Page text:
The latest version of Mozilla's Firefox web browser, version 4, was released this week with a number of new security features, including a mechanism for preventing web-based attacks.

One of the new security features, called Content Security Policy (CSP), is enabled by default and designed to stop common web-based attacks, such as cross-site scripting (XSS) and data injection, by providing a mechanism for sites to explicitly tell the browser which content is legitimate, according to Mozilla.

CSP allows website administrators to reduce XSS vectors by specifying which domains the browser should consider valid sources of executable script. A CSP-compatible web browser will then only execute scripts loaded from approved domains.

Twitter has announced that it has implemented CSP for its mobile site, mobile.twitter.com, and plans to deploy the security feature more extensively over the next few months.

“We expect Content Security Policy to be widely adopted very quickly,” Brandon Sterne, security program manager at Mozilla, wrote in a blog post. “There are popular commercial websites like Twitter which are already using it, and there are CSP plug-ins for many of the popular content management systems like WordPress, Django and Drupal.”

The feature can also help mitigate so-called clickjacking and packet-sniffing attacks, Mozilla said.

The SANS Internet Storm Center, an all-volunteer cyber threat intelligence website, is also testing CSP, Johannes Ullrich, chief research officer for the SANS Institute, told SCMagazineUS.com.   

“I am excited about it,” Ullrich said. “It's probably the most meaningful protection we have in the browser at this point. Developers shouldn't become complacent and rely on that. You still need to prevent XSS in your website, but it does add an important layer to protect the user.”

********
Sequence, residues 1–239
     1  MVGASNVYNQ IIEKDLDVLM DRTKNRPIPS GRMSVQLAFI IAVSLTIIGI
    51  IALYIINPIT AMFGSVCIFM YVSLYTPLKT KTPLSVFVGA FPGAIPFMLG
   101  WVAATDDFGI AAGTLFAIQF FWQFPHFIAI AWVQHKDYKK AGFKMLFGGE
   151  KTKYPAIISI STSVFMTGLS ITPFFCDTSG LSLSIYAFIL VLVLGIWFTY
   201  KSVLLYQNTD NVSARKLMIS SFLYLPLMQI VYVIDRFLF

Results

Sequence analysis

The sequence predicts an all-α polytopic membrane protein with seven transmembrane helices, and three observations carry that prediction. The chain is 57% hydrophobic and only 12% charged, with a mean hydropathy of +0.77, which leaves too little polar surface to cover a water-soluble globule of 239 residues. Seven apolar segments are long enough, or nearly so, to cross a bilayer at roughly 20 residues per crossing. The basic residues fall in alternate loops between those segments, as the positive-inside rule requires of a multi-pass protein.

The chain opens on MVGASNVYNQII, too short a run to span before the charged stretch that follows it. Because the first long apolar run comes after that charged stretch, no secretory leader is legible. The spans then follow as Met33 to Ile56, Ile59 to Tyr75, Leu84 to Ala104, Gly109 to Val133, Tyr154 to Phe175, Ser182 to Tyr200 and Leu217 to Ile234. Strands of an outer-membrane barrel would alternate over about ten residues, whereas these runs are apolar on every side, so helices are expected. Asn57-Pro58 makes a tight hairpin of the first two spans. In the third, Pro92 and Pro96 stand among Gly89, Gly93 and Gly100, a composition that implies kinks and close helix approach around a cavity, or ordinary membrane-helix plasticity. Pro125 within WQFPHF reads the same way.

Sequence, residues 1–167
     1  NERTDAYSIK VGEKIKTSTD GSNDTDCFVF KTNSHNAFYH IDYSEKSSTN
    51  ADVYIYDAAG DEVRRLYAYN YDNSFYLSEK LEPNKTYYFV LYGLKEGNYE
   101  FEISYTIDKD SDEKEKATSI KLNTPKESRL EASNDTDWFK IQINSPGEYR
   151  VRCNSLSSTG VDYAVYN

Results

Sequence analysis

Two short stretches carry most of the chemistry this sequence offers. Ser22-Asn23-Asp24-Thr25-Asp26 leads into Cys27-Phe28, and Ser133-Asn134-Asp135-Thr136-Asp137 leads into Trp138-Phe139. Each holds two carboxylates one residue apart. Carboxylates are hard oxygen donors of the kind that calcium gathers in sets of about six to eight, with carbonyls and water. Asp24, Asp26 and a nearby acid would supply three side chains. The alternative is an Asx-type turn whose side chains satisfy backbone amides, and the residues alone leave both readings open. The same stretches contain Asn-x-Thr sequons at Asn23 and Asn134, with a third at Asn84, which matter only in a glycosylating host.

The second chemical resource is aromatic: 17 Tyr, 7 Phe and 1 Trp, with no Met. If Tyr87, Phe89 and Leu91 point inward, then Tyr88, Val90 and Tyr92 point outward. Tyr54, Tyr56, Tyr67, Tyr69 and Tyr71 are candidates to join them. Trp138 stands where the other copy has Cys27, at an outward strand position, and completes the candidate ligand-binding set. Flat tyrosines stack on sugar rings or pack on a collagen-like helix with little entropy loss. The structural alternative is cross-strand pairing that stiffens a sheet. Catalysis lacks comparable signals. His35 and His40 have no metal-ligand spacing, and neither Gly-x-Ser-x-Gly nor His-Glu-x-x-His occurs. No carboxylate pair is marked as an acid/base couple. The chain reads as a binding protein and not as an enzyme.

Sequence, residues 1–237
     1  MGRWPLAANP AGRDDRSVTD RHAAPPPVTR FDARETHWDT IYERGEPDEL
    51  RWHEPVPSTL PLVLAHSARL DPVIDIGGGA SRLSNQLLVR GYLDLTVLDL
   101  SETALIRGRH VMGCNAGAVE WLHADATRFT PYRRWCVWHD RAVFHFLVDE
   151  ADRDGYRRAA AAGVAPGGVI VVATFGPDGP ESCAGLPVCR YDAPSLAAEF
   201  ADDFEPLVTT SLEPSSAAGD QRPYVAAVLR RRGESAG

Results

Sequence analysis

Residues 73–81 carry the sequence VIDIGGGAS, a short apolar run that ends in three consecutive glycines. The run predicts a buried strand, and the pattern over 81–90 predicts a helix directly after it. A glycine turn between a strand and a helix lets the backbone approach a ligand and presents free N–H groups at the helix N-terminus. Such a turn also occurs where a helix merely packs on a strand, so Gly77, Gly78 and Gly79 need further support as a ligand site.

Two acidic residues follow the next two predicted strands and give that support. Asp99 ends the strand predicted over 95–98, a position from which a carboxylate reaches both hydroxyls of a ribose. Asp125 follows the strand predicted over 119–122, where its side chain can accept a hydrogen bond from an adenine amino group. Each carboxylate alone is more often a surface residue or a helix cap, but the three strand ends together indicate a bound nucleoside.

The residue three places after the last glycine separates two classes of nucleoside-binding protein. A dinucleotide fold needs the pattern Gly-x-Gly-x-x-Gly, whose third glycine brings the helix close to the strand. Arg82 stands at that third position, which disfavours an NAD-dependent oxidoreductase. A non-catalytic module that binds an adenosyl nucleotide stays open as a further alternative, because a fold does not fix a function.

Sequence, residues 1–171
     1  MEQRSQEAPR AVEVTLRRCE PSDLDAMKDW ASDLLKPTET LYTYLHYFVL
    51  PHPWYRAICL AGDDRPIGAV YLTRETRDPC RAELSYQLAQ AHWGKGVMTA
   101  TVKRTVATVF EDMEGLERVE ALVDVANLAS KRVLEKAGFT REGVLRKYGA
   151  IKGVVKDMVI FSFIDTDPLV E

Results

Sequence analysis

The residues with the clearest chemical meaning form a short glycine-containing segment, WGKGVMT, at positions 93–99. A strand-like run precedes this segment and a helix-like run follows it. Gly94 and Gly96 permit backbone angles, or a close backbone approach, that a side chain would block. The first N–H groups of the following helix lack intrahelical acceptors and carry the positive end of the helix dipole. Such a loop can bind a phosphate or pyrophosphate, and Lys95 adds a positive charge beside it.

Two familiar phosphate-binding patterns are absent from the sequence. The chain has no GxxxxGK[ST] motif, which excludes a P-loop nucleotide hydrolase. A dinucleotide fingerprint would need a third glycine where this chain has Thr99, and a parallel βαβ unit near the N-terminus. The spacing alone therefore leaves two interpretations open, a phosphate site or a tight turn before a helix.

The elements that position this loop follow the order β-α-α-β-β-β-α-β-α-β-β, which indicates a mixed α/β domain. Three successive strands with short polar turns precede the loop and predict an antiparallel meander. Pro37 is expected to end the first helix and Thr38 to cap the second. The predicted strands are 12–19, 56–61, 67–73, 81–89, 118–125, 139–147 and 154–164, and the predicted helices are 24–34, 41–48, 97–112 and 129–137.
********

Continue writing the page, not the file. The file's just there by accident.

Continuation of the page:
Meanwhile, Firefox 4, downloaded 7.1 million times within 24 hours of being released, also includes a number of other security and privacy features, including a mechanism for automatically establishing secure connections with websites. The feature, called HTTP Strict-Transport-Security (HSTS), is designed to stop man-in-the-middle attacks by allowing sites to specify that they only wish to be accessed over HTTPS.

“If the ‘Strict-Transport-Security' header is set, the browser will refuse any attempt to connect to the site via HTTP,” Ullrich wrote in a blog post. “The threat model here is that an attacker will inject a redirect to the HTTP version of the site while the user is browsing a non-HTTPS site. This could lead to the disclosure of confidential information like authentication cookies.”

The latest version of Firefox also includes a privacy feature that allows users to opt out of tracking used for behavioural advertising. In December, the Federal Trade Commission suggested browser manufacturers adopt such a capability as a means of safeguarding consumers' online activity.

If enabled, the feature transmits a ‘do-not-track' HTTP header to every web page that is visited in Firefox. A similar feature was included in the newly released Internet Explorer 9

"I really like the do-not-track mechanism," Carole Theriault, senior security consultant at anti-virus firm Sophos, told SCMagazineUS.com. "It allows people who want to keep their browsing habits private to do just that, really simply."